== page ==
Accounting Isn’t Exactly The Same As Bookkeeping

Accounting can be said to be the translation of regular data about financial transactions in the form of reports and providing certainty about financial information that will help managers, investors, tax authorities, and other decision-makers to make resource allocation decisions within companies, non-profit organizations, and government agencies. The result is a better understanding of actual profitability and awareness of cash flow in the business. While bookkeeping is the process of organizing, classifying, summarizing, and reporting accounting elements such as profit, loss, cash flow, in an orderly and orderly manner against recorded transaction data. Aside from that, if you require a bookkeeper who can work by using XERO excellently, we suggest you call Amanda Mckenzie Xero Expert.

That’s why, bookkeeping is still included within the range of accounting, but it posses dissimilar principles. If the accounting activity will produce a financial report or special report and requires professionals in the accounting field because it requires analysis, while bookkeeping will only produce documentation for internal purposes.

A person who works to compile books is called a bookkeeper, while a person who works to record and prepares accounting reports is called an accountant.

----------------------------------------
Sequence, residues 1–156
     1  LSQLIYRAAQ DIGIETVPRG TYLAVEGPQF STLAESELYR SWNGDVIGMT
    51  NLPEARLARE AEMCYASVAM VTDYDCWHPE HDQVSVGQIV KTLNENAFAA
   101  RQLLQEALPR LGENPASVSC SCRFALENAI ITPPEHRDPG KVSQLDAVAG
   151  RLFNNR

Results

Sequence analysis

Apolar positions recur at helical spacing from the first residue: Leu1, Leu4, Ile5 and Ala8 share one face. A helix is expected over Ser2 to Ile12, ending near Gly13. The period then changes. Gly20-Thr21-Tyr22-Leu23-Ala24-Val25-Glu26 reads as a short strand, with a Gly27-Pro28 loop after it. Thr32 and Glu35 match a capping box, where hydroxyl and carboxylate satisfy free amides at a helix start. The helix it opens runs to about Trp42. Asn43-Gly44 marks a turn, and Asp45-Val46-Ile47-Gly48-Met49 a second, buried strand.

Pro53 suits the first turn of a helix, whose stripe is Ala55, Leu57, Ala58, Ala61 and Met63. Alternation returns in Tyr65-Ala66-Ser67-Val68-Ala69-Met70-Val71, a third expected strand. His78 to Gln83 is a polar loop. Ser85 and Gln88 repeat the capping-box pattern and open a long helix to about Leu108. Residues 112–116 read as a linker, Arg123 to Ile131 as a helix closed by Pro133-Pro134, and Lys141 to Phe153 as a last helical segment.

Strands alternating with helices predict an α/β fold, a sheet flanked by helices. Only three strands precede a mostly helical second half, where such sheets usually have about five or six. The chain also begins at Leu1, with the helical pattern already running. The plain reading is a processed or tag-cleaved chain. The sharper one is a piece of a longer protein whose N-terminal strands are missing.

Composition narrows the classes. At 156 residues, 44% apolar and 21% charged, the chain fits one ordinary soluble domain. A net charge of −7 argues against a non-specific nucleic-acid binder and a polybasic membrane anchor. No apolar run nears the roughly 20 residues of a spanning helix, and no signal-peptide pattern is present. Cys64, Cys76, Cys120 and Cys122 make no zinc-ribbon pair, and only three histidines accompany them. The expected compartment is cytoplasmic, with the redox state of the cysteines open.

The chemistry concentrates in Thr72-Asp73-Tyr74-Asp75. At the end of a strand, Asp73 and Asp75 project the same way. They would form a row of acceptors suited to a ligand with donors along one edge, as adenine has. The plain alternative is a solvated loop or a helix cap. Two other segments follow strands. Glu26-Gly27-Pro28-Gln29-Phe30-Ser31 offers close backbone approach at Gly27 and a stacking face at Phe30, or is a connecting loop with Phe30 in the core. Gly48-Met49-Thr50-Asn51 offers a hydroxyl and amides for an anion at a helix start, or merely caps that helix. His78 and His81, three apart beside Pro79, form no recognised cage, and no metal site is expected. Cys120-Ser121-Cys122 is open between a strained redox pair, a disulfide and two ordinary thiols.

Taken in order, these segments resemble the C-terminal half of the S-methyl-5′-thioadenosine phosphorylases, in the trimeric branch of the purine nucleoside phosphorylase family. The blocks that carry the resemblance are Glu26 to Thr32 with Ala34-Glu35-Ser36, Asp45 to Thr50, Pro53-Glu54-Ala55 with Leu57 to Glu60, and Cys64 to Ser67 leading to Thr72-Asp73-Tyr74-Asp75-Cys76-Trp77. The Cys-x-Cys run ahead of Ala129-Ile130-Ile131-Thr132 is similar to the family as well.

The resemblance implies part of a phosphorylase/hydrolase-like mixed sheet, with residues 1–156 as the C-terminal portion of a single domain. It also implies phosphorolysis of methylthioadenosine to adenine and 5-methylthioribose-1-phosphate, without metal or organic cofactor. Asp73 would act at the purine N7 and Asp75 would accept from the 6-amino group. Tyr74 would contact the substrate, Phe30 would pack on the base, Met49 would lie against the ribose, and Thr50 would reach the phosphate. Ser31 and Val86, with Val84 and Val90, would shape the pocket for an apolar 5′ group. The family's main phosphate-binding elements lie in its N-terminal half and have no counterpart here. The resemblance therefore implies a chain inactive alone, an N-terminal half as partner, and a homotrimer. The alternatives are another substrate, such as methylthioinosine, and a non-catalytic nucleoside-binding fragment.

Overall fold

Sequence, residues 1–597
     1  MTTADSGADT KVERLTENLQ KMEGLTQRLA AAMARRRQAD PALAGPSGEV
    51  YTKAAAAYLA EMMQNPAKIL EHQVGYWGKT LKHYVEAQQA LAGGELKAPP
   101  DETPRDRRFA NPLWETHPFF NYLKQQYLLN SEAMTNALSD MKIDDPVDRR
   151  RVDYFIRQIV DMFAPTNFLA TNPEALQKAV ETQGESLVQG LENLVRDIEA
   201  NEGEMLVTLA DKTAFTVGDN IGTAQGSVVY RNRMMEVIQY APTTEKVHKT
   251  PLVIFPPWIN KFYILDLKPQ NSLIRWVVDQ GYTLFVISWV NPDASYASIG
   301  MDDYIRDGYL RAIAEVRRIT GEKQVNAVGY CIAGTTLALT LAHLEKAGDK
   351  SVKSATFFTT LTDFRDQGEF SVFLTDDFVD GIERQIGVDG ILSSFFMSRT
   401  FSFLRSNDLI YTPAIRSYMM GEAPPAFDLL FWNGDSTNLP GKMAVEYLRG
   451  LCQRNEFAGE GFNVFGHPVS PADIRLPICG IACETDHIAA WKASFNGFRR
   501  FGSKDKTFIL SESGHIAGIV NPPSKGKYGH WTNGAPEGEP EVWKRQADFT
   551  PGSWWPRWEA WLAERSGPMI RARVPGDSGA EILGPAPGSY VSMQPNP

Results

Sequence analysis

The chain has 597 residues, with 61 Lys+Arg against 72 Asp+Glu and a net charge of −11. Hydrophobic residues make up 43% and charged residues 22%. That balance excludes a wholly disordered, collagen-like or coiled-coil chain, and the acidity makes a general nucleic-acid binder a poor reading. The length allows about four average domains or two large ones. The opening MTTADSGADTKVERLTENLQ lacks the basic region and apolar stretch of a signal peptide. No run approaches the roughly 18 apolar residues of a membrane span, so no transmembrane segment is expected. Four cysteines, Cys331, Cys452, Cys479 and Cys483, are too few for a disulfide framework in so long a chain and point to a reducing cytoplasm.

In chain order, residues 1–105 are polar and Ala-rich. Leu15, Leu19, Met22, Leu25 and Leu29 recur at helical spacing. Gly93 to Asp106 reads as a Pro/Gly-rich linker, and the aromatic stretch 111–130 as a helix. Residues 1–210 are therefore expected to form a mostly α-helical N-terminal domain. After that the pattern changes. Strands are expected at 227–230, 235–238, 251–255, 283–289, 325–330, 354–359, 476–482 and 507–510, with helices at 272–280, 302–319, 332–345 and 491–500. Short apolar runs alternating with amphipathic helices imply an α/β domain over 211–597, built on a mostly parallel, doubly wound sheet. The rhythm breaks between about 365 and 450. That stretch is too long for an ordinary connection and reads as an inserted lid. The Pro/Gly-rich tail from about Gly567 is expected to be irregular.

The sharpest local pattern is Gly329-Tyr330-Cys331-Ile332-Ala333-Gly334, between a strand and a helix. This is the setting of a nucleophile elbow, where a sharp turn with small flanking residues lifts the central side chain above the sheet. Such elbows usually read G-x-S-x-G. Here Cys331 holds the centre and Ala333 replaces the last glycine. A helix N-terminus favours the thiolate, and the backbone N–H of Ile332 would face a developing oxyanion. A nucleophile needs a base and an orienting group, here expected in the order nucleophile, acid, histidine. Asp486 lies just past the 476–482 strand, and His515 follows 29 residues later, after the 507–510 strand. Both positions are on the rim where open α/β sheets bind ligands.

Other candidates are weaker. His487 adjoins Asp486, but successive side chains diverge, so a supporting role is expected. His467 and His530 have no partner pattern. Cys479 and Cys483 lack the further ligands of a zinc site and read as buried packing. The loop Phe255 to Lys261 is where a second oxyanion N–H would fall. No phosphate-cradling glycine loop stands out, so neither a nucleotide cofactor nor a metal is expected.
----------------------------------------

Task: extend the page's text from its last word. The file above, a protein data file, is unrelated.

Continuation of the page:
The bookkeeper or bookkeeper who is responsible for recording day-to-day business transactions has at least a diploma in accounting. A bookkeeper is required to be accurate in presenting data because the ledger contains detailed information about transactions per day. A bookkeeper must also know about major financial topics. Their works will be monitored by business owners or accountants who own the book that is being processed.

To qualify, an accountant has at least a bachelor’s degree. Accountants should also obtain additional professional certification by taking the Public Accountant Certification Exam. An accountant is generally capable of performing tasks broad enough to even conduct audits, review reports, and represent clients before the IRS. They are required to be thorough, measured, skeptical, logical, consistent, disciplined, and obeying applicable ethics.

The scope of bookkeeping includes;

– Compile, classify, process and also record employee payroll
– Issue and record sales invoices
– Record changes in company inventory
– Recording petty cash receipts and transactions
– Make payments for purchases

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